Sue William Silverman’s memoir, Love Sick: One Woman’s Journey through Sexual Addiction (W. W. Norton), is also a Lifetime Television original movie.  Her first memoir, Because I Remember Terror, Father, I Remember You, won the AWP award in creative nonfiction.  She teaches in the MFA in Writing Program at the Vermont College of Fine Arts, and her most recent book is Fearless Confessions: A Writer’s Guide to Memoir, published with the University of Georgia Press (video book trailer at  As a professional speaker, Sue has appeared on The View, Anderson Cooper 360, and CNN Headline News.  For more about Sue, please visit


4 thoughts on “The Redemptive Power of Writing Memoir – Guest Post by Sue William Silverman

  1. I can understand a writer’s need to write a memoir but not publish it for many reasons. But I read once that after you die your estate can do whatever they want with your work, including publish things you’ve specifically said you don’t want published. Of course, I’d be dead so how much would I care but…do you think estates should be allowed to do this?

  2. Hi, Jodi, yes, I agree: Just because you write something does NOT mean you have to publish it. And, of course, one can keep a private diary or journal, with no expectation to publish at all.

    I’m not sure about the legal questions surrounding one’s work after you die–but now that you mention it, I think I’ll look into it! Maybe I should destroy all my old stuff now, stuff that I’d never want anyone to read.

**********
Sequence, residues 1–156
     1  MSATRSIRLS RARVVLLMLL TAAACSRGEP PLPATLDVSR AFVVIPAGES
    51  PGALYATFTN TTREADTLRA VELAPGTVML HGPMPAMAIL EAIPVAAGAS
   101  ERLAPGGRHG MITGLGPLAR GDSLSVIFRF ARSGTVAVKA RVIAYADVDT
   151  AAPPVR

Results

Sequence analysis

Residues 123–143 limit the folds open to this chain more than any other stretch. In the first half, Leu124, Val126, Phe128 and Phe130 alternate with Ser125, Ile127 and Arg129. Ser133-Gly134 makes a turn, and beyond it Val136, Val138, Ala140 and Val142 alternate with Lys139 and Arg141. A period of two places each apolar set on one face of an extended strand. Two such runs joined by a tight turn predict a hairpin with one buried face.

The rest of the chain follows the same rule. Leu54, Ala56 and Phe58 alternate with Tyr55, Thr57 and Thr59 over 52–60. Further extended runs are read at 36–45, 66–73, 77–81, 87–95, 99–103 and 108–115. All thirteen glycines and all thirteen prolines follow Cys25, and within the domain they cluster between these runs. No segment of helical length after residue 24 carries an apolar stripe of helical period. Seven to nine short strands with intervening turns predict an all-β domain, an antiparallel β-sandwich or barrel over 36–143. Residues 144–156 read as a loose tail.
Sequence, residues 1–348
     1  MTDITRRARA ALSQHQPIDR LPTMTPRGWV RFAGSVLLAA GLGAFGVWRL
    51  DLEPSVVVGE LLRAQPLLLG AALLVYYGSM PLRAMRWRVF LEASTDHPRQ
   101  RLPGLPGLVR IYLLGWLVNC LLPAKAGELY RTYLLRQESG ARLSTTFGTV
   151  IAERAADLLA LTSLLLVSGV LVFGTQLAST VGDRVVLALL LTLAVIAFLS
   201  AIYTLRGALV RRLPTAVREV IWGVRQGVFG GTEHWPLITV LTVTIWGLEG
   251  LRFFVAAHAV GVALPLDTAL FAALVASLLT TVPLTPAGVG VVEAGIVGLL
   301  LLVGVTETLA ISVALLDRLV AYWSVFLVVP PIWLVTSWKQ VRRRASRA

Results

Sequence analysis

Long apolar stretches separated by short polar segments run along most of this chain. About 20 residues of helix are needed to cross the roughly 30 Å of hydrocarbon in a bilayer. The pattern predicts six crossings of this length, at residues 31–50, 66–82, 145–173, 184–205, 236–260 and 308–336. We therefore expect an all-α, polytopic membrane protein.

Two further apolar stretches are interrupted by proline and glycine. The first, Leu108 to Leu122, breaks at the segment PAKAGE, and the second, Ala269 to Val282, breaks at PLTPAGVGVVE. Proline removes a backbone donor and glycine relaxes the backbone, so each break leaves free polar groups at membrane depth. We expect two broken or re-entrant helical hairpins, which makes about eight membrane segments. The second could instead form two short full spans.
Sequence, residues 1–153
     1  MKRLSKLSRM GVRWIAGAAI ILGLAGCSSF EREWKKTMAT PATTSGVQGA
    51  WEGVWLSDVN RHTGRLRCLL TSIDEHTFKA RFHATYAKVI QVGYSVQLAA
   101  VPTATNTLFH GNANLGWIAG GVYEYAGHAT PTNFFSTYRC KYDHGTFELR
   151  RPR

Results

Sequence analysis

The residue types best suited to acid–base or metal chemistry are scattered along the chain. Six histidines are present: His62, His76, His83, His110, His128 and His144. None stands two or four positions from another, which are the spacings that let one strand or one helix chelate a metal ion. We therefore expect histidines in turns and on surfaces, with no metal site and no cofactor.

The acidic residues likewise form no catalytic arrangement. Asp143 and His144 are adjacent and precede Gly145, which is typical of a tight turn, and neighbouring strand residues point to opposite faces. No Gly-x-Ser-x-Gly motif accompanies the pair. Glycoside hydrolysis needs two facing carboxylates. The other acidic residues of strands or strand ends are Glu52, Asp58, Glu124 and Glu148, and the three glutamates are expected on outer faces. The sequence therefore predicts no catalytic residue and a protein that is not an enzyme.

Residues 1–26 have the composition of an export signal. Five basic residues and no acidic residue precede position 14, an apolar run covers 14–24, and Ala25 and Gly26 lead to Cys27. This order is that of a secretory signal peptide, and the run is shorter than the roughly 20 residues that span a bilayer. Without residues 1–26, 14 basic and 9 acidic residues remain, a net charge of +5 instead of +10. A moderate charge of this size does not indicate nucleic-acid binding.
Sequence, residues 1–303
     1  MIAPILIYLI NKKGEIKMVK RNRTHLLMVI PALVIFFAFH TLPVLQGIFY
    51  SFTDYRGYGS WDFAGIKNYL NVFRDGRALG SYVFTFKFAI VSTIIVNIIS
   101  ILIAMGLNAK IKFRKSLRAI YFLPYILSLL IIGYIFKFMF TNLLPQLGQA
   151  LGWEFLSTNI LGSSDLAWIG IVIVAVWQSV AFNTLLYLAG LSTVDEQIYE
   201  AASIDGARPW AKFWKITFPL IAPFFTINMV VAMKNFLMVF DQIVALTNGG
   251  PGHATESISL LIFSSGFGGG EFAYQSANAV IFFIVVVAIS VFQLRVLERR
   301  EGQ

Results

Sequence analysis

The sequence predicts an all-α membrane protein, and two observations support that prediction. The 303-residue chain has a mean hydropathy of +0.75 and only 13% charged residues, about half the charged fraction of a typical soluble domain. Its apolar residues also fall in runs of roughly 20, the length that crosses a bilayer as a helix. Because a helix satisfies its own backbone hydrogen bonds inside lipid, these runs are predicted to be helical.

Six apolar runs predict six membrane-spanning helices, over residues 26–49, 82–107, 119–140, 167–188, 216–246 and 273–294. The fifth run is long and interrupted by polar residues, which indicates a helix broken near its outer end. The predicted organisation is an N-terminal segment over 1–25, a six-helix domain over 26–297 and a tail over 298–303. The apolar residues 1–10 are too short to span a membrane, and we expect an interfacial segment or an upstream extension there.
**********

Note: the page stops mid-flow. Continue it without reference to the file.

From my perpsective, then, the answer is NO: I don’t think that work should be allowed to be published after you’ve died. If you wanted it published, you would have done it yourself. Scary, isn’t it?!

  3. In writing about ourselves, we inevitably write about those closest to us. In my personal essays, I often write about painful or difficult things in our family that my husband would prefer I keep private. I believe that my essays help others, but I don’t want to upset my husband. How do you deal with this kind of situation? Have you ever written something that you decided not to make public because it would hurt someone else?

  4. Hi, Gaijinmama,
    That is always a tough issue, for sure: How to balance between the public and the private. No one answer fits all, of course, since it’s such a personal decision.

    That said, for me, I usually choose to write what I need to write, doing so as gently as possible. In other words, as a writer, I believe that I own my stories, and that that’s what writers do: we tell our stories.

    I know my ex-husband was upset about the publication of “Love Sick.” However, I feel as if I protected his privacy as much as possible by staying focused on MY story. But even though he was upset, I still felt very clear that I had to write my story, anyway. I hope this helps a little?!

Leave a Reply

Fill in your details below or click an icon to log in: Logo

You are commenting using your account. Log Out /  Change )

Google+ photo

You are commenting using your Google+ account. Log Out /  Change )

Twitter picture

You are commenting using your Twitter account. Log Out /  Change )

Facebook photo

You are commenting using your Facebook account. Log Out /  Change )


Connecting to %s